Donald Trump’s Doctor Says He Tricked The President Into Eating Vegetables By Hiding Them In His Food

U.S. President Donald Trump President Trump speaks to reporters on the topic of Roger Stone, House Intelligence Committee Chairman Adam Schiff (D-CA), and 2020 presidential candidates, after signing the Supporting Veterans in STEM Careers Act the Oval office at the White House on February 11, 2020 in Washington, DC.
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Donald Trump’s former White House doctor Ronny Jackson recently revealed that he and his staff used to hide vegetables in his meals in order to trick him into eating a healthier diet. Jackson, who is running for Congress, spoke with The New York Times recently, recalling that he wanted to help improve the president’s eating habits, so he and his staff would stuff vegetables into his mashed potatoes.

That’s not the only thing that they did to try and improve Trump’s health. He said that they also hid the ice cream in the White House so that the president wouldn’t be able to grab it.

Jackson made headlines when he said that Trump was so healthy and had such “great genes” that he might live 200 years, but behind the scenes, he was pressing for the president to lose 10 to 15 pounds. Originally, the doctor revealed that Trump weighed 239 pounds.

He hoped to push fitness by bringing in an exercise bike or elliptical machine to the White House, but that plan never took off. When the next physical came around, Trump had allegedly gained four pounds.

“The exercise stuff never took off as much as I wanted it to,” he said. “But we were working on his diet. We were making the ice cream less accessible, we were putting cauliflower into the mashed potatoes.”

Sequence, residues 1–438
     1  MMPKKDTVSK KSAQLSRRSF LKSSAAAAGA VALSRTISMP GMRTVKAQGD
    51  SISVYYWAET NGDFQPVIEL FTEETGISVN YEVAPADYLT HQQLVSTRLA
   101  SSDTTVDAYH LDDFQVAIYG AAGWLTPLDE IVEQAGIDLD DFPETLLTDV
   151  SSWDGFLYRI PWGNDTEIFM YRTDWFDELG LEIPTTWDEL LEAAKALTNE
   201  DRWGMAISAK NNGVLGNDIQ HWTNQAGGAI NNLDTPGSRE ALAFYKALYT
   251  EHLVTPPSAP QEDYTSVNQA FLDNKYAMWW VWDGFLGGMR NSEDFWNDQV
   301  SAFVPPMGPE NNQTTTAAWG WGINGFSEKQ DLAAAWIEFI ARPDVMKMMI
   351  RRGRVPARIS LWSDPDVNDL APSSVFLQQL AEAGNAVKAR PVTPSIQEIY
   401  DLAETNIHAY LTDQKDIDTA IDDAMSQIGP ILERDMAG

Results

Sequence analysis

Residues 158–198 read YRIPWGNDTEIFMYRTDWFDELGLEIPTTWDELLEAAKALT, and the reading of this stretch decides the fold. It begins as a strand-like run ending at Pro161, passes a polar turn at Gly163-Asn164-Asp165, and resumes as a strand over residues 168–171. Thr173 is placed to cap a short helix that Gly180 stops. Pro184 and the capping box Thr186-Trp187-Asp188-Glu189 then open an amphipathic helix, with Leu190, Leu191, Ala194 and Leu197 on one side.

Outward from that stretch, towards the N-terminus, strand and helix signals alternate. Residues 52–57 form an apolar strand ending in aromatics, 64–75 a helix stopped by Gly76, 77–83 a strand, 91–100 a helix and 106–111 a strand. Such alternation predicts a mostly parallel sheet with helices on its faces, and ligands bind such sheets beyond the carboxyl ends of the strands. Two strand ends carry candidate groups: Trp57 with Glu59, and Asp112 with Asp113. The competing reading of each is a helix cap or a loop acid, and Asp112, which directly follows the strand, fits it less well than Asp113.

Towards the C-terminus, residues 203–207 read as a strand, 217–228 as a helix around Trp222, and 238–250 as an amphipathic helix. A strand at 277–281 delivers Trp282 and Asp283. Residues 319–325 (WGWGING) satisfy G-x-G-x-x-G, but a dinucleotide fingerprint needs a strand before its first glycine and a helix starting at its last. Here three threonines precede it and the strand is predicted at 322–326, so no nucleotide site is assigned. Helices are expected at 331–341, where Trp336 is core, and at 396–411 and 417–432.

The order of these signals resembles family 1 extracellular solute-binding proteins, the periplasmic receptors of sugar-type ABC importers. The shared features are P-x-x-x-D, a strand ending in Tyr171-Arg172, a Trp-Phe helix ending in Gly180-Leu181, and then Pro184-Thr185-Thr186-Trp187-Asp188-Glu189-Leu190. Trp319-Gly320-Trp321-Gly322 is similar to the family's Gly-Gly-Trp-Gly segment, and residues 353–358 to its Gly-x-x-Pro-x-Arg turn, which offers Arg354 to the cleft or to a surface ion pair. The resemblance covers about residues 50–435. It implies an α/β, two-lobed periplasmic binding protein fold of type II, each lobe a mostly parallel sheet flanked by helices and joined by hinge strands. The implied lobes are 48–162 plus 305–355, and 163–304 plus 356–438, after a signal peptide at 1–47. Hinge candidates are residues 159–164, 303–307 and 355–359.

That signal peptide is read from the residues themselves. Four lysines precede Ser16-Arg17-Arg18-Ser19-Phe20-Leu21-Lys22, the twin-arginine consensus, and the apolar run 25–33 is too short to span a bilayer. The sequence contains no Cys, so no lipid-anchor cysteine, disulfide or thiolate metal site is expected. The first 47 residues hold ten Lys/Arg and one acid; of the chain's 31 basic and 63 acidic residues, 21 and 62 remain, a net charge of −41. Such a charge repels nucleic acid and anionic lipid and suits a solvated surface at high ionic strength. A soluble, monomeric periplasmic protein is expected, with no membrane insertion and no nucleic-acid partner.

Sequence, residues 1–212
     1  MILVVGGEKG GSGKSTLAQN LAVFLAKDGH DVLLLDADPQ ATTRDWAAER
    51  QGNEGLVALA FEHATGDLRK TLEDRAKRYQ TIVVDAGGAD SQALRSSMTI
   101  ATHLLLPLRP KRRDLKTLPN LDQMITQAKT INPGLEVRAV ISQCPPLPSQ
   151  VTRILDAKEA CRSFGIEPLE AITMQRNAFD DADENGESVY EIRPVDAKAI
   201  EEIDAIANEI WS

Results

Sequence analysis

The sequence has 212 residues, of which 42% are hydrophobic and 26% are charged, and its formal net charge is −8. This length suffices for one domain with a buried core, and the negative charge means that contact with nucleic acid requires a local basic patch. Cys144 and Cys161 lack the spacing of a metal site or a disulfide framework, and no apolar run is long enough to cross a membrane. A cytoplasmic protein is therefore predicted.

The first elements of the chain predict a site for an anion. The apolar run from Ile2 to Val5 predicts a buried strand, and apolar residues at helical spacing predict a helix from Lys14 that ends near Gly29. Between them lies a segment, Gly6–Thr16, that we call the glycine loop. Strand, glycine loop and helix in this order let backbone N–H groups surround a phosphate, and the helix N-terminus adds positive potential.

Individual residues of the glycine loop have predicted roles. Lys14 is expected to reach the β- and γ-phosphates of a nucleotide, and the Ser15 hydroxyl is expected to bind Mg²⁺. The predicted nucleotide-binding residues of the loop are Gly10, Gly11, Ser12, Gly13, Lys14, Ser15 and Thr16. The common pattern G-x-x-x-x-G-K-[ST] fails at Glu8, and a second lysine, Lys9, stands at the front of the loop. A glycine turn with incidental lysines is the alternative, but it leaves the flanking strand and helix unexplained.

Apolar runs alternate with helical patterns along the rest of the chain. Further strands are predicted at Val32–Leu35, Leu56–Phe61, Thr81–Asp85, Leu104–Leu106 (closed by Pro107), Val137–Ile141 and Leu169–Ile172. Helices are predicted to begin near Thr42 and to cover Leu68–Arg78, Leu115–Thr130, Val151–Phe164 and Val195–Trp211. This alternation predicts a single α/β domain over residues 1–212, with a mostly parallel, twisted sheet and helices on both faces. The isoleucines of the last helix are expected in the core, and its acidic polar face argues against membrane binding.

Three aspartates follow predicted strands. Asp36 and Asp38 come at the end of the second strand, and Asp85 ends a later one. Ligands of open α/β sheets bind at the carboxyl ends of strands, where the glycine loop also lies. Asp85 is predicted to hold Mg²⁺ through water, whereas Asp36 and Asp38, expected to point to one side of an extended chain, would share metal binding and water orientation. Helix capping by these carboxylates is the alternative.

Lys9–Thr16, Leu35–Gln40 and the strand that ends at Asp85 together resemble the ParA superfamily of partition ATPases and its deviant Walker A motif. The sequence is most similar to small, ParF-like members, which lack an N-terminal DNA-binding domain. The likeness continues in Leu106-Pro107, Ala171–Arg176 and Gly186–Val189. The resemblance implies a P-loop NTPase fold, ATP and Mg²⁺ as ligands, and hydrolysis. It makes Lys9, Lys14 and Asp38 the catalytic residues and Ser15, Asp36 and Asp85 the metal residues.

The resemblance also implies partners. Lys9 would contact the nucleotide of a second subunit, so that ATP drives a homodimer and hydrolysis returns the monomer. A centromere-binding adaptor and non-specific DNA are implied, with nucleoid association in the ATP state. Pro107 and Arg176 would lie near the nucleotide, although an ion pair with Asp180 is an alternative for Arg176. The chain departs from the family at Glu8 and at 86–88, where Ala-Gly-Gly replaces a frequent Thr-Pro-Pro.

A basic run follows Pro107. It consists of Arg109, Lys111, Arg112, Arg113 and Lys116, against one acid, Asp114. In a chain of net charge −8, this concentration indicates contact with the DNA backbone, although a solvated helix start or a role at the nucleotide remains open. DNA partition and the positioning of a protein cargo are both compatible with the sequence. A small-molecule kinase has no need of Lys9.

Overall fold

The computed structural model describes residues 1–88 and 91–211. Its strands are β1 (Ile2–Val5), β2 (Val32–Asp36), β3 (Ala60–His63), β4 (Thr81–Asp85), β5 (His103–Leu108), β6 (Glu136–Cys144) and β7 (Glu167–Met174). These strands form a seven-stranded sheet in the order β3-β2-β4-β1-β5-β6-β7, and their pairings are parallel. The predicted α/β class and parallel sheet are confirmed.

Jackson left the White House after a scandal over his conduct in 2018. He was initially planning to serve as secretary of Veterans Affairs but withdrew his nomination after the scandal. The lifelong Army physician, who retired from the military in 2019, is now using his former ties to Trump to champion his bid for a seat in Texas’ 13th Congressional District.

Jackson denied the past allegations — which involved rumors that he had dispensed strong drugs to lawmakers — that he had done anything wrong while serving as Trump’s physician.

“I saw the ugly side of Washington,” he said of the controversy. “I got promoted in the White House, I maintained my clearance, I stayed in the military, I retired as a Navy admiral. Come on.”

Jackson, who became friends with the president while working for him, said that he feels as though his major failing was to not get him to adhere to a better health plan.

“One of his regrets was moving on from his post as White House physician before he could help institute the diet and exercise regimen he had planned for the president,” The New York Times reports.

Trump, who famously dislikes vegetables, made a trip to India this week and was slated to eat meals primarily composed of veggies, raising questions about how he would deal with the country’s traditional fare.